Nyamko Sabuni

Born: 31/03/1969 (54 yo)
Birth place: Bujumbura (Burundi)

Citizenship : Other Europeans, (Sweeden)
Ascendant : Other African
Ethnicity : Zairean father

Occupation : Politician


Nyamko Ana Sabuni is a Swedish politician who served as Minister for Gender Equality in the Swedish government from 2006 to 2013. A member of the Liberal People's Party, Sabuni was elected a Member of Parliament in 2002 and assumed the office of Minister for Gender Equality on 6 October 2006. From 2006 to 2010 she also served as Minister for Integration.


Nyamko Sabuni was born in Bujumbura in Burundi where her father, a left-wing politician from Zaire, lived in exile. Sabuni's father is a Christian while her mother is a Muslim. The family obtained political asylum in Sweden in 1981 and Sabuni grew up in Kungsängen, north of Stockholm. She studied law at Uppsala University, migration policy at Mälardalen University in Eskilstuna, and information and media communications at Berghs School of Communication in Stockholm.

She was married from 2004 to 2012 and has twin boys from that marriage. She has described herself as non-religious.

Political career

Sabuni was a member of board of the Liberal Youth of Sweden from 1996 to 1998. She has cited the murder of Ivorian refugee Gerard Gbeyo, committed by a Swedish neo-Nazi in the town of Klippan in 1995, as one of the reasons she became involved in politics.

Sabuni has two uncles who are active as politicians in Sweden. Shortly after she was elected into office she made a publicized decision to withdraw funding for the organization Centrum mot rasism, where her uncle Mkyabela Sabuni was a director.

In a 17 July 2006 opinion letter published in the Swedish newspaper Expressen, Sabuni called for mandatory gynecological examinations of all schoolgirls in order to prevent genital mutilation.[5] She has proposed a ban on hijab for girls under 15 and also advocated the inclusion of honor killings as an independent category within the Swedish criminal code. In July 2006 her book Flickorna vi sviker ("The Girls We Let Down"), about women in Sweden living under the threat of honor violence, was published.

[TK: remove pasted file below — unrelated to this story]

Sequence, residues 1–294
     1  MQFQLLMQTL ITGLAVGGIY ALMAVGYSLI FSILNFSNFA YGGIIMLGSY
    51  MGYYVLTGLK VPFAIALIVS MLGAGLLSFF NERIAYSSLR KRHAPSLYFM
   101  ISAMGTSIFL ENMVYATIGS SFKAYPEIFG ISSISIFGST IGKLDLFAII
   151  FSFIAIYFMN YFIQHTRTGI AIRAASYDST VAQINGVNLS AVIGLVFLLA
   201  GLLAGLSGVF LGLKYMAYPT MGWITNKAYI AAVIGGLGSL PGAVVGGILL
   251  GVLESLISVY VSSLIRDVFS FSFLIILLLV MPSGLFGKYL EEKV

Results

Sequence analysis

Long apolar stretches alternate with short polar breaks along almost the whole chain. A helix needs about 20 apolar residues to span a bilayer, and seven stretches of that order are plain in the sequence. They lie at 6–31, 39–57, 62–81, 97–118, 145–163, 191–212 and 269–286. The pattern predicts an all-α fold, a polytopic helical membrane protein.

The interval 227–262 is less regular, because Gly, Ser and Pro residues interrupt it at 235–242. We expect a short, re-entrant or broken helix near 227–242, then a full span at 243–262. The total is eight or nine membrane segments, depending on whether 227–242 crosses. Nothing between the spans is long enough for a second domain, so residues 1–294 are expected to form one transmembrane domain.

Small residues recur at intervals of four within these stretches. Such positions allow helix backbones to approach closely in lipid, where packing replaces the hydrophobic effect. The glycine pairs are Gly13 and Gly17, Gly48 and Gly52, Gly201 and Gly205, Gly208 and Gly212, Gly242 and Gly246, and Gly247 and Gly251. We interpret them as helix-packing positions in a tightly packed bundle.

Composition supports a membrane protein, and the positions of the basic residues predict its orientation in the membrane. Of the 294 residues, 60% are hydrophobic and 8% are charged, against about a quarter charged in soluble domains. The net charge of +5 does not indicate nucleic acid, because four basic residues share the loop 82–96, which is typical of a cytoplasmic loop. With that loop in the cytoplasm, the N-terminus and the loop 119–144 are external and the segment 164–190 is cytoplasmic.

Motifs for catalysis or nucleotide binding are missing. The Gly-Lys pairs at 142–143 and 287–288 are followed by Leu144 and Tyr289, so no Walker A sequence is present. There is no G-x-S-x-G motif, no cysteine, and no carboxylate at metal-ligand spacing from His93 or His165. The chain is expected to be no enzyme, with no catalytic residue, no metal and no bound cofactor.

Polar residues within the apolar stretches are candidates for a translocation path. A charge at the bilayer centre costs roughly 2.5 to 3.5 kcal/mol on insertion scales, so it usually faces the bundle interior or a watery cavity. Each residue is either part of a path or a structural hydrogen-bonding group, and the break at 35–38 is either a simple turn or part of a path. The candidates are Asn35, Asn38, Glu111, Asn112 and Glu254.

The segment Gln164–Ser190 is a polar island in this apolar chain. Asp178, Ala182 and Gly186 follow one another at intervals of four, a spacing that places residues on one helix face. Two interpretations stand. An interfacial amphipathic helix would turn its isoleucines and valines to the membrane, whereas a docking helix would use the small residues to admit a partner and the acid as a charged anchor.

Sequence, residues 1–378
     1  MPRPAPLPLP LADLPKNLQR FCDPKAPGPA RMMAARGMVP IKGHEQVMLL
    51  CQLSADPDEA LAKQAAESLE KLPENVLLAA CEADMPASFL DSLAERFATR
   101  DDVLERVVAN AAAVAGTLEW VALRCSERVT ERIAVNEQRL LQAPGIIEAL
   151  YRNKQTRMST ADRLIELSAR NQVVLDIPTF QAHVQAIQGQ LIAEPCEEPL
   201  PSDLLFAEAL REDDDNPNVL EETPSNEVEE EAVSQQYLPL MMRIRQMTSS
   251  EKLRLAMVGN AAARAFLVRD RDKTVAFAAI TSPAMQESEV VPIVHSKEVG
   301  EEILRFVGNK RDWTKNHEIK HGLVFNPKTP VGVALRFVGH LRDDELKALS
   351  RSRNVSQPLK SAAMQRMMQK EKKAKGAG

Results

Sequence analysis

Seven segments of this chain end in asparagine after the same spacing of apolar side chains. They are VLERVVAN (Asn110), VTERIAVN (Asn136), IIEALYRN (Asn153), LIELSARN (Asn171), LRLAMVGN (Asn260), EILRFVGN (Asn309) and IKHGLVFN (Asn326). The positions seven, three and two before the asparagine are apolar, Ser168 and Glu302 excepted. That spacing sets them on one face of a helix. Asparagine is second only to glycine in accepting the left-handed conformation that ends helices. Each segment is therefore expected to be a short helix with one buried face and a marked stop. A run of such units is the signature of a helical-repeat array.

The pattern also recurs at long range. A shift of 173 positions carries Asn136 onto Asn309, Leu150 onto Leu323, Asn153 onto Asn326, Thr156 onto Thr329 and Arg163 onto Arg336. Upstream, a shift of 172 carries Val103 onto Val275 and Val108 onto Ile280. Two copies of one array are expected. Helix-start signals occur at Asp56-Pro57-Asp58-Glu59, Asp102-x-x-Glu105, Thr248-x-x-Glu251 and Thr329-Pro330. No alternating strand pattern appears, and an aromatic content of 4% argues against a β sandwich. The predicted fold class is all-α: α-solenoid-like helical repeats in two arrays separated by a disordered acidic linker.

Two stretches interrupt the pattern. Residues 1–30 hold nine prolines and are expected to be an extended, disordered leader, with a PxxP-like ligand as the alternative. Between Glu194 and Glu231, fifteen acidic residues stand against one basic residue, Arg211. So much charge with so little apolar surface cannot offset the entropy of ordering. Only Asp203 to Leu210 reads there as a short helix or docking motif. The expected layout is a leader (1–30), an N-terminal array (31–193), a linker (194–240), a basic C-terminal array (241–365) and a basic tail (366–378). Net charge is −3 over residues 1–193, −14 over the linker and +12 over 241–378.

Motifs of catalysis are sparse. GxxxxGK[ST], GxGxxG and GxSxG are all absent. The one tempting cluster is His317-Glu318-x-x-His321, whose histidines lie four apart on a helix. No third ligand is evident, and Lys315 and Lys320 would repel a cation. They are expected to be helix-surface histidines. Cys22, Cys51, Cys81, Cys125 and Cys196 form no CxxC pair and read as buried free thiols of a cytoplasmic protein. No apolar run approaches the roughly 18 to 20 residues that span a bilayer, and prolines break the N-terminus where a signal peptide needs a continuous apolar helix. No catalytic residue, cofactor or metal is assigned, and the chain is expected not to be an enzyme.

Sabuni states that practicing Muslims who live by the Qur'an "limit their own opportunities". She suggests that practices such as praying five times a day, or questioning music marginalize Muslims. Muslims respond by saying that Sabuni is singling them out, while avoiding issues concerning the Muslim community like unemployment.

On 6 October 2006, the new Swedish coalition government which emerged from the election announced Sabuni's appointment as the new Minister for Integration and Gender Equality. She is the first person of African descent to be appointed as Minister in the Swedish government.

Sabuni's appointment as Minister for Integration and Gender Equality was met with protests from some Swedish Muslims, who accused her of Islamophobia and populism. A petition against her appointment was signed by the Muslim Association of Sweden, reportedly the largest organization representing Muslims in Sweden.

She resigned on 21 January 2013, citing that her successor should be prepared prior to the 2014 general election.

Websites & Social Networks



  • Minister for Gender Equality (2006 –2013) for Prime Minister Fredrik Reinfeldt(Preceded by Jens Orback, Succeeded by Maria Arnholm)
  • Minister for Integration (2006 –2010) for Prime Minister Fredrik Reinfeldt (Preceded by Jens Orback, Succeeded by Erik Ullenhag)